Daphne and Drue were friends in high school, but had a falling out six years ago. Since then, Daphne’s become a plus-size influencer, while Drue, born into a powerful family, and heiress to a large fortune, went onto Harvard and now works for the family firm. Drue comes back into Daphne’s life one day out of the blue, and asks her to be Maid of Honor in her upcoming society wedding on Cape Cod. She even offers to pay Daphne for her time—just more proof that Drue has everything, except the ability to hold onto her friends. Daphne can’t resist her friend’s siren song, but of course, a disastrous wedding ensues.

Would I recommend it? I feel like this book has been everywhere recently, and while I liked it a lot, I’m not sure if it 100% lives up to the hype. I would definitely recommend it, I would just temper your expectations.


This was my first book by Mhairi McFarlane, but it certainly won’t be my last. Laurie has been married to Dan, her high school sweetheart, for the last ten years when he dumps her out of the blue. The cherry on top? They practice at the same law firm so she has to see him everyday. Soon thereafter, Laurie finds out Dan has a new girlfriend—and she is pregnant, and Laurie is angry. She decides to get revenge. That’s where Jamie Carter comes in—he’s another lawyer at their firm and needs a steady relationship to prove to leadership he’s stable and a solid choice for partner. Laurie and Jamie make a pact to date for a few months until they both have accomplished their goals. But time will tell if they can’t stick strictly to their pact, or if real feelings get involved.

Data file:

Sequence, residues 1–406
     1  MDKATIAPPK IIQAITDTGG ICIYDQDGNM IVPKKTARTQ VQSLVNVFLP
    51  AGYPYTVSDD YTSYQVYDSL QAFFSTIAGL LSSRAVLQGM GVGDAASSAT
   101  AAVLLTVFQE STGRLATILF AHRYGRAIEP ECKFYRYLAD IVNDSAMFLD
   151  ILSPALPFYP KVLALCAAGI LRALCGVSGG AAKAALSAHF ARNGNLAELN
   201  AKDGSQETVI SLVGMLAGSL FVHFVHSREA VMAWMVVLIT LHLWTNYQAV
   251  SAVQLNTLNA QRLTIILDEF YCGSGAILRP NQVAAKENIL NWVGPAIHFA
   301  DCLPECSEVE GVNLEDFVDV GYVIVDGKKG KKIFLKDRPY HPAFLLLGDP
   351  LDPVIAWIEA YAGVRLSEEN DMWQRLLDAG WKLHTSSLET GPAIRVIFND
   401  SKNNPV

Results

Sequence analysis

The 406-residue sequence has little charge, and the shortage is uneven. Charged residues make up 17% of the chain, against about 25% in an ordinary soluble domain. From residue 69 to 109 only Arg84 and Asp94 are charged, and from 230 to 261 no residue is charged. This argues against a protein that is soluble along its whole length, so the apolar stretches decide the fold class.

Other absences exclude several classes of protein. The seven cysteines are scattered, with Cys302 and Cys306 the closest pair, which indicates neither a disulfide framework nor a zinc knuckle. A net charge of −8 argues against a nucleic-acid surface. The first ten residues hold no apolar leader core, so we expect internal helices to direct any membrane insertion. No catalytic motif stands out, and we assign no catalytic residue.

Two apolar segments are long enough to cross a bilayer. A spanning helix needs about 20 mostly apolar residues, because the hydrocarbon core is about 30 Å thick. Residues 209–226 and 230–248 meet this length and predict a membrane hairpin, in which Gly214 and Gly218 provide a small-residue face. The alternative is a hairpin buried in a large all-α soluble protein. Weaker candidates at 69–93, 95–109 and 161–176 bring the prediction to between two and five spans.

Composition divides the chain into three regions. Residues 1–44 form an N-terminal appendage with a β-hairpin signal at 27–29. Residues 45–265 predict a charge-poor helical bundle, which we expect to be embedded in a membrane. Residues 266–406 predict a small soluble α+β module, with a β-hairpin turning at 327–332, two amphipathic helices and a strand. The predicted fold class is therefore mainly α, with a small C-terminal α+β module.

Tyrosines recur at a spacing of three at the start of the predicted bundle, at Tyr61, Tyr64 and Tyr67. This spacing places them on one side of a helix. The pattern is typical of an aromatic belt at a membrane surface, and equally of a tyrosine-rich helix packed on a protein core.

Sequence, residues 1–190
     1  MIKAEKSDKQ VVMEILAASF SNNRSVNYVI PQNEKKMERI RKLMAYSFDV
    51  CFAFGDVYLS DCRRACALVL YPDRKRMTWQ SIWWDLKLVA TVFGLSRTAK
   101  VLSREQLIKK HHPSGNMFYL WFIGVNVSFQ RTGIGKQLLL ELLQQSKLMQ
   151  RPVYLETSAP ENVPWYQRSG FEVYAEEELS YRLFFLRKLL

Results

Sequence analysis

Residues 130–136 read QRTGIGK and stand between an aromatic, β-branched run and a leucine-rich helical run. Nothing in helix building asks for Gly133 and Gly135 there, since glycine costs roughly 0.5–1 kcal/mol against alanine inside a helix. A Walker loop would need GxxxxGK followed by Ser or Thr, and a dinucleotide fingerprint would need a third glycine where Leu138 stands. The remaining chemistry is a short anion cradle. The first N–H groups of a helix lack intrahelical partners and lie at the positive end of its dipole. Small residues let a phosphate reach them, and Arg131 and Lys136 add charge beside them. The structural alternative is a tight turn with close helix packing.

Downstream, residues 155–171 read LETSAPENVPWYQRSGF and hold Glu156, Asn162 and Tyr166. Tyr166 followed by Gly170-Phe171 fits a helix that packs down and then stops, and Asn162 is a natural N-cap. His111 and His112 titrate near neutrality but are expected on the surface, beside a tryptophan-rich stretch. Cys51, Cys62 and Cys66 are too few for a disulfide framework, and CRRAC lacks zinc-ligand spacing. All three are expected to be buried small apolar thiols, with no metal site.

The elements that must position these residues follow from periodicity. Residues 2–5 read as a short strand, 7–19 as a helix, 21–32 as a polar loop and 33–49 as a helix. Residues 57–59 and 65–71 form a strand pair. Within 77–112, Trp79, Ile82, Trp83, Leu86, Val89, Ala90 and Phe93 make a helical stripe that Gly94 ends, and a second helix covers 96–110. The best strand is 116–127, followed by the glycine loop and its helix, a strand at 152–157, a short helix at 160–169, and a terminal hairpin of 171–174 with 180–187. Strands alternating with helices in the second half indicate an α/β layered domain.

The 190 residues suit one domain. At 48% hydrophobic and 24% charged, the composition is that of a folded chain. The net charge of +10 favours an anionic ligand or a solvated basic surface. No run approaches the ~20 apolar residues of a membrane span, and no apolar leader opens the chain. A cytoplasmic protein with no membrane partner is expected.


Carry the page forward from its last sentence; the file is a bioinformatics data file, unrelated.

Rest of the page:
Would I recommend it? This is SUCH a cute read and one that I stayed up late for because I couldn’t put it down.


Set on Nantucket, like many of Nancy’s books, the story follows, Lisa, who married her college sweetheart. While Lisa comes from a more blue collar background, her new husband, Erich, has wealthy parents and is used to running in society circles. Erich travels all the time for work, and eventually, leaves Lisa and the children because he doesn’t think Lisa is accommodating enough to his lifestyle, even though she is doing the hard work of raising her kids alone. Now Lisa’s two kids are grown and living off the island. She realizes her house is falling apart, so she hires a contractor to help her restore it to its former glory. She begins falling for her contractor, and one night when something is about to happen, her adult daughter bursts in. Soon, Lisa’s son is home, too, and everyone has quite the summer of drama and romance.

Would I recommend? This was just a so-so read for me; if you’re heading to the beach and this one is around, I say go for it, but otherwise, I think there are better books out there—like Surfside Sisters by the same author.